11. skyungjae

    skyungjae Member

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    sounds like new bike time. jk
     
  12. STEALTH91

    STEALTH91 New Member

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    Hey guys, been a while. So I did all the dialing in, and the der is lined up properly. Haven't replaced the cable, I might try that next. But I did take it into JAx in HB and they said it looked good to them. Is there a bike shop you would recommend that can give me an honest diagnosis? I'm in North OC. oh, and none of the drivetrain has been replaced. It's an '07 Gary Fisher HiFi Deluxe:
    Drivetrain
    Shifters

    Shimano LX

    Front derailleur

    Shimano LX

    Rear derailleur

    Shimano XTR

    Crank

    Shimano LX 44/32/22

    Cassette

    SRAM PG970 | 9 speed
     
  13. un-kola

    un-kola Just another Homer!

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    Try Fullerton Bikes I believe on Commonwealth or the Path in Tustin. - Lloyd
     
  14. MnMDan

    MnMDan Member

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    IMHO, it sounds like it should have the drivetrain and cables replaced. Its probably been ridden enough that replacing one item might resolve the issue, or it simply may resolve its contribution to the issue. It'd be frustrating to replace something only for the problem to come back. Cassette, chain, cables/housing. Replace them all. Crankset chainrings are probably fine. I'd also have the shop you use (use the one most local to you that you feel comfortable with) for this service check the suspension pivots. They should all be in good shape, but they should also be checked every couple of years (or sooner with hard riding).

    Its a relatively inexpensive way to go, and that bike is a pretty solid foundation. It'll accept replacements and upgrades as long as you want to keep riding it.
     
  15. nailknot

    nailknot Member

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    Replace HOUSING and cables. Over time the reinforcing wires that run internally inside the housing begin to poke out and the end of the housing. You can't see this as its under the ferrel. Ive replaced dérailleur aand chains also but didn't fix the problem. A buddy said check the housing, sure enough. Housing was bad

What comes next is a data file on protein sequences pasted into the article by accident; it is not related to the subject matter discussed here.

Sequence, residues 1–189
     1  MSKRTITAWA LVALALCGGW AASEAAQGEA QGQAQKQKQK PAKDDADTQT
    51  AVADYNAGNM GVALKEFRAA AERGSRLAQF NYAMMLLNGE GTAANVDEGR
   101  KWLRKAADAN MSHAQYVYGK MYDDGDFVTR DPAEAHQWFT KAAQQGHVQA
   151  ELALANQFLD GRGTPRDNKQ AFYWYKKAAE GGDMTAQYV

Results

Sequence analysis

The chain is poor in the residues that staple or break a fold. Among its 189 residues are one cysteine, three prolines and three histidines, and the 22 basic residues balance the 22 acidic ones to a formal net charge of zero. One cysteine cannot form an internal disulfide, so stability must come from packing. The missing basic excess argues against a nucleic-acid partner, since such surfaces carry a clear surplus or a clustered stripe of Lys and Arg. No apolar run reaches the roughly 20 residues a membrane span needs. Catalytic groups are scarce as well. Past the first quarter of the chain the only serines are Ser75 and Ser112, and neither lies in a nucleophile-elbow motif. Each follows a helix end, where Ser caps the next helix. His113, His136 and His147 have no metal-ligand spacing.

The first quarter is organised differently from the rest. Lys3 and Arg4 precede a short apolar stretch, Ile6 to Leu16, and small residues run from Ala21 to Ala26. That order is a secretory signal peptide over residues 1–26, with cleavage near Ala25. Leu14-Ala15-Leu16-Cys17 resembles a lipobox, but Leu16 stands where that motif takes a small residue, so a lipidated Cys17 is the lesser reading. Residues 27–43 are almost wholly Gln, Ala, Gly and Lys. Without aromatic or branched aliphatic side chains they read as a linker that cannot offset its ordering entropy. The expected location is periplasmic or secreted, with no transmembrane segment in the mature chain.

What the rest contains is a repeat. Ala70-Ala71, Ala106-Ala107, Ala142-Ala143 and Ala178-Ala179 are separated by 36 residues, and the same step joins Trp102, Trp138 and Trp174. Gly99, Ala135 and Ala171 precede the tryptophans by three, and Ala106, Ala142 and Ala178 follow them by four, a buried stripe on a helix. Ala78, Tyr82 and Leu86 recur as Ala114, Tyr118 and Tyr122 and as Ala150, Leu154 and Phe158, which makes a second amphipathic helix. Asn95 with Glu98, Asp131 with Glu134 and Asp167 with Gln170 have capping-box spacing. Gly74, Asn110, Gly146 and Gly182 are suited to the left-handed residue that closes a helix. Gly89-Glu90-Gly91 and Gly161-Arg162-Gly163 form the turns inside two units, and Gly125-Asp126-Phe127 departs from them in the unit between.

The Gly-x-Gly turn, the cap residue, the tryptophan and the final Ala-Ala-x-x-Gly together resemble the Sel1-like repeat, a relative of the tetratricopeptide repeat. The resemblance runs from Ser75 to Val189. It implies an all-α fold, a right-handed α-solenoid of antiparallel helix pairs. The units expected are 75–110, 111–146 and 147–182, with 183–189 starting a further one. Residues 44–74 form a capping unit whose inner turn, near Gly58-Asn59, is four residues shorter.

16. STEALTH91

    STEALTH91 New Member

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    So I took it into The Cyclery Bike Shop in LA Habra. They seemed to be pretty honest, and didn't try to "up sell" me on replacement parts. I'm getting a new crank, cassette, and chain, as well as a tune-up. Hopefully this will get me back on the trials with more frequency... Fully Loop, Here I Come...
     
  17. da big hills

    da big hills happy night trails

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  18. Congo Kid

    Congo Kid Middle Aged Wannabe MTB'r

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    Here's a question: I just took the plunge from my 26 inch Stumpy to a 27.5 inch with 2 X 10 drivetrain. I feel I've lost a granny gear. 26 in front and 36 in rear is the current XTR configuration.
    I've been told to look at a "one-up" kit that would require extending the cage a bit and swap out 1 gear in the middle of the cassette for me to have a larger granny gear in the back. Alternatively, someone said to just get a 24 tooth small ring in the front to replace the current 26 tooth ring. A friend who did the 24 tooth swap out was told that his gears would have issues with shifting, but so far that has not happened.

    Any recommendations on which route might be best?

    Thanks,
    JEFF
     
  19. irv_usc

    irv_usc Active Member

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    Depending on who you ask, the extra granny kit from oneup or the others may or may not shift as well as stock.

    It would probably be easier to find a front 22t or 24t to replace your small ring and leave everything else as is. If your crank is the current XTR, I don't see why getting the 24t from the 24-34 set wouldn't work.
     
  20. da big hills

    da big hills happy night trails

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    Not enough info since you did not describe the stump jumper. That aside. A 27.5 wheel is larger in dia than a 26, thus even with the same exact gears you would have a bike that climbed more like a 34 or 32 tooth. The affect is even greater when going to a 29er. Simple physics, the laws of physics shall not be violated even if the 2016's are on the market.

    Regardless, um irregardless, regardless, just making a larger jump to the big ring will make it harder for the chain to climb into the big ring and can lead to dropping the chain when down shifting.

    It is one of the design flaws of the 27.5 and 29.

    You can always go up to 42 in the back and loose some chain combos even with a long cage RD but you should not cross chain anyways.

    Everyone I know that has increased the rear has complained about shifting and such, but they have all kept the combo and just given up on big ring-big cog and small ring-small cog combinations .
    Happy modern technology trails